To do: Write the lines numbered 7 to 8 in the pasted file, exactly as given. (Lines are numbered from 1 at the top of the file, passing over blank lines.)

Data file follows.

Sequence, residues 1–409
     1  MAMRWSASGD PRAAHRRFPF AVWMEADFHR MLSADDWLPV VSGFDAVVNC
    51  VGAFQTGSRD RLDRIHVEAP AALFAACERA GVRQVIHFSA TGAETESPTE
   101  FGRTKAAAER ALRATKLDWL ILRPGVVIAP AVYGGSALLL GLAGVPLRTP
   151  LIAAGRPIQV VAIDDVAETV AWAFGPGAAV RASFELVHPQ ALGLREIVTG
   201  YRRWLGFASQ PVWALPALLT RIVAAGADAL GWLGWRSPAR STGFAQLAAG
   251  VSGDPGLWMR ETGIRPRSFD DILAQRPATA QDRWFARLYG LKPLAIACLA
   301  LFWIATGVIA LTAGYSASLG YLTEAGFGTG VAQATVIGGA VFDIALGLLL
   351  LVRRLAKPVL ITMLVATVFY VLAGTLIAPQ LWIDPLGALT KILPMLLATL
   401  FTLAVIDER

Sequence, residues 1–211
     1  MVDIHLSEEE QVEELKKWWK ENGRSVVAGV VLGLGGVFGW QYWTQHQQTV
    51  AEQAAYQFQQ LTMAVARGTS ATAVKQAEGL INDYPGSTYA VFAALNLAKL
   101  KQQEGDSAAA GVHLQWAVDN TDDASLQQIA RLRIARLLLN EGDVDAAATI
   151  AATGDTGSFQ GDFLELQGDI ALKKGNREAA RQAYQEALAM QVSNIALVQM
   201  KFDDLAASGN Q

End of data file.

   251  VSGDPGLWMR ETGIRPRSFD DILAQRPATA QDRWFARLYG LKPLAIACLA
   301  LFWIATGVIA LTAGYSASLG YLTEAGFGTG VAQATVIGGA VFDIALGLLL